Before the area became a National Park it was a private resort.  Some of the buildings and the hot springs tub still stands and are in use.

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Paces River

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Hot Springs on the bank of the Rio Grand in Big Bend National Park.

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Horses on the Mexican side of the Rio Grand

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Entering Texas: First stop HOUSTON

We left sweet daughter’s after a wonderful Thanksgiving (way too much good food and my first fried turkey) on December 1st heading west.  Our first stop, for two nights is Houston by way of San Jacinto Monument because sweet husband visited it when he was a little boy and wanted to see it again…actually our goal for the museum of art, but it is closed on Monday.

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The column (taller than the Washington Monument [of course]) is an octagonal shaft faced with Texas Cordova shellstone (many millions of years old – formed when Texas was under water – mined in the Austin area – impressive), topped with a 34-foot Texas Lone Star. Sweet husband took the elevator to the top – the monument’s observation deck for a view of Houston and the WWI Battleship Texas. Really the most impressive part of this is learning that a hand full of brave Texans defeated Santa Ana and his whole Mexican army to gain their independence from Mexico.  They were plenty angry after the Alamo.  This victory gained enough land to make what is now Texas, New Mexico, Arizona, Nevada and California. Impressive, very impressive!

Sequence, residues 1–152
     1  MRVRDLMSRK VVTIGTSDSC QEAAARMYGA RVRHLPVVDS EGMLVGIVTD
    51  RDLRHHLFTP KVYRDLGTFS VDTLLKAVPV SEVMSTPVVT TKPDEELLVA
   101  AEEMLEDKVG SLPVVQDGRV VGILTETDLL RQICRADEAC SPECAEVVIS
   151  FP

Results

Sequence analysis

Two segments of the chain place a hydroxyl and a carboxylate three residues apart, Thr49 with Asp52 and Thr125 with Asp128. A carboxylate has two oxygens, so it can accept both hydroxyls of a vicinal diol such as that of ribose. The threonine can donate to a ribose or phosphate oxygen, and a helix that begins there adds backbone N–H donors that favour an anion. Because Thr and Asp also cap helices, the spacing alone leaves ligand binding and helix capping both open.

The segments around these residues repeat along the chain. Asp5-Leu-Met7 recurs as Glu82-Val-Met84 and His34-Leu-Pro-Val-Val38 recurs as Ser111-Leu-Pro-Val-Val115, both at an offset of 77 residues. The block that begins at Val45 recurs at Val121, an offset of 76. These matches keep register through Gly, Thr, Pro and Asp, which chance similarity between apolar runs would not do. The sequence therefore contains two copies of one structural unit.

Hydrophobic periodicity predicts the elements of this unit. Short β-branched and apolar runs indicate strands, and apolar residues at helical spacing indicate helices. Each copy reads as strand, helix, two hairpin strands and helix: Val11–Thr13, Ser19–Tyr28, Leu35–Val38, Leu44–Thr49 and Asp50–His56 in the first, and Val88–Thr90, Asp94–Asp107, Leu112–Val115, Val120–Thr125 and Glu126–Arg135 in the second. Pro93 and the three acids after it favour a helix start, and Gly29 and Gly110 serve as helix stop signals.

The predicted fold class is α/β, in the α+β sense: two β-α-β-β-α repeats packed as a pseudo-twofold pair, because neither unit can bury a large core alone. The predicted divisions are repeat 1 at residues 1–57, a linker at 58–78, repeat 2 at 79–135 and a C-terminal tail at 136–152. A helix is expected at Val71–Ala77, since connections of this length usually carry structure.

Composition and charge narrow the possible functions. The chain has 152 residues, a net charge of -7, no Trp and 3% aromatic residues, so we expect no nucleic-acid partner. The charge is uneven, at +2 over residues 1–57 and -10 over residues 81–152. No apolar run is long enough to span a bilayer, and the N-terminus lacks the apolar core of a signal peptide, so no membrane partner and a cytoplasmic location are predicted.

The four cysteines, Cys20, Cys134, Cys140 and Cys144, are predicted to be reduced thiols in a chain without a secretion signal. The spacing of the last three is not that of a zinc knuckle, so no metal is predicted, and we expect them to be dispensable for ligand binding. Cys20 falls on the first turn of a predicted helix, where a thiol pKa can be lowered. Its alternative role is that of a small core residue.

Next we visited Glenwood Cemetery where sweet husband’s mother is resting.  It was a beautiful day for the visit.  I paid my respects, then left sweet husband to his private time with her.  I filled the time taking pictures of the remarkable memorials in this beautiful, sacred garden.

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The next day we visited the Houston Museum of Art.  I am so impressed with the beautiful art owned by the United States of America.  We have been to a dozen (at least) art museums, none of them disappointing.  A couple of examples below…ENJOY!

From Houston we headed to Austin and the Texas “Hill Country” for another good visit with family.  However, We made a quick stop for lunch with my sweet son-in-law at the River Walk in San Antonio.  He was there at the convention center for a business meeting.

Riverwalk20 IMG_0070River Walk, San Antonio